By Patricia M. Angus – Originally published in WealthManagement.com July 2015
Five tips for making frolicking more likely than fighting.
Ahh, summer. A time to get away to the family vacation home, kick back, bask in the sun and gather with friends and family in an age-old ritual. Some families have been doing it for generations, others are now starting their own traditions. Sounds idyllic, right? Well, anyone who shares a vacation home with family can attest that while the setting might be ideal, and there might be some basking involved, the kicking back isn’t always of the relaxing sort. Even if the kicking isn’t literal (and if it is, please get help immediately), co-owning and sharing use of a family vacation home can be challenging. For those with clients who are lucky enough to be in this situation, here are some tips on how to help them make frolicking more likely than fighting.
Know Who Owns It
Knowing how the house is actually owned will go a long way to keeping the peace about how decisions are made. Of course, if your client is the sole owner of the house or owns it with a spouse, ownership is a fairly simple matter. Your client (the individual or the couple) has the first, and often final, word on all major decisions about the house is on the hook for covering all its expenses. However, for many families, a house might have been passed down from parents to children or even to grandchildren and extended family. In other cases, related family members, such as siblings, might decide to pool resources and buy a place together. Some families set up entities such as limited liability companies to allocate ownership among family members. Because ownership is the starting point and legally the ending point for rights and responsibilities, help your client to make sure that everyone knows how much they own, and how.
Have Regular Meetings
Just as shareholders of a corporation meet annually to discuss the company they own, so too should homeowners meet or have a group conference call on a regular basis to discuss major issues. These will include long-term issues (do we need a new roof?) and short-term ones (who can use it for spring break?). Here’s where the old adage “don’t try this at home” might apply. While many families are accustomed to having meetings and are comfortable discussing difficult issues as a group, this doesn’t always come naturally. And the potential harm from opening up difficult topics in public can be quite serious. In many cases, it helps to have an outside facilitator work with the family to keep the dialogue productive and healthy.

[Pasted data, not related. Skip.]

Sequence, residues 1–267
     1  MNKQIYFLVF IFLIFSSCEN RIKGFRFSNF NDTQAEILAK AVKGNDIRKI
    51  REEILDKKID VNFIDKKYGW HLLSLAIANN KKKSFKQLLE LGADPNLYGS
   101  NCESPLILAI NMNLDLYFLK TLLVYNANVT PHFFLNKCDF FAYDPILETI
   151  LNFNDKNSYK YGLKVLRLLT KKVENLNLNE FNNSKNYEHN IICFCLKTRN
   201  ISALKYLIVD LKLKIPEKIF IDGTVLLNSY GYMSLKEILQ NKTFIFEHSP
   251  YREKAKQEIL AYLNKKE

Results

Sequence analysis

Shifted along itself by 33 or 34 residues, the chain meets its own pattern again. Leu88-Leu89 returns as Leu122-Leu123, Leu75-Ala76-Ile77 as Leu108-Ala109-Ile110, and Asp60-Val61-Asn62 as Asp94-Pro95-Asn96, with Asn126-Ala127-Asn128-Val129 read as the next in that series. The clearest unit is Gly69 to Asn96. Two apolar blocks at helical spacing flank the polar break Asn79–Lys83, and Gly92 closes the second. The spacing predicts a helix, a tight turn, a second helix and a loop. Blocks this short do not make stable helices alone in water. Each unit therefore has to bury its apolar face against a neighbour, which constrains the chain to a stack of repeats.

Create Rules for Usage
Paradoxically, a family vacation home represents a chance to get away from the rules of everyday life, yet the best way to ensure a peaceful environment is to have some rules for usage in place. Your client’s family will need to establish rules on: (1) when it can be used, (2) who’s responsible for upkeep, (3) what are the expectations for cleanliness and tidiness, and (4) what to do when something unexpected occurs on the property. Conflicts can get heated, especially if there’s some past history involved. These conflicts usually center around conflicting assumptions, values and goals for the property. The home might mean very different things to family members, and how they want to use it will reflect that. Values such as fairness, equity, freedom, independence and community will all be at stake. These topics are best discussed openly when the owners meet. Keep in mind that all families have these issues, and there are no simple answers. The only way to resolve potential conflicts is for your client’s family to have open discussions and make reasonable compromises.
Decide on Allocation of Costs
There are basically two kinds of costs for most vacation homes: capital costs and costs related to ongoing usage. Capital costs will include the cost of purchase and any major changes or improvements to the property, such as a kitchen renovation. In most but not all cases, owners will share capital costs proportionately to their ownership interest, and the benefits, or losses, will be shared equally when the house is sold. Note, however, that these questions can be difficult when the financial resources vary across owners. Usage costs can become difficult to allocate fairly when the level of use varies across family members. Your client’s family should address and revisit these issues at least annually to make sure that everyone is on the same page with the priorities and level of each owner’s commitment to the property.
Look to the Future
The legal nature of the home’s ownership will determine what family members can do with their interests in the event of death, divorce or sale. For example, tenants-in-common can sell or gift their interest to anyone they choose, while the share of a tenant with right of survivorship will automatically transfer to the other owner(s) at death. Owners should discuss their wishes about what they can do with their ownership interests in each of these, and other, possible scenarios. Your clients should coordinate their estate plans with the home’s co-owners to prevent surprises. The best time to do so is long before any of those circumstances arise.
Sharing a family vacation home can be a blissful thing, indeed. And a family who follows some of these tips can find ways to make the fun last even longer. Now, everybody in the pool?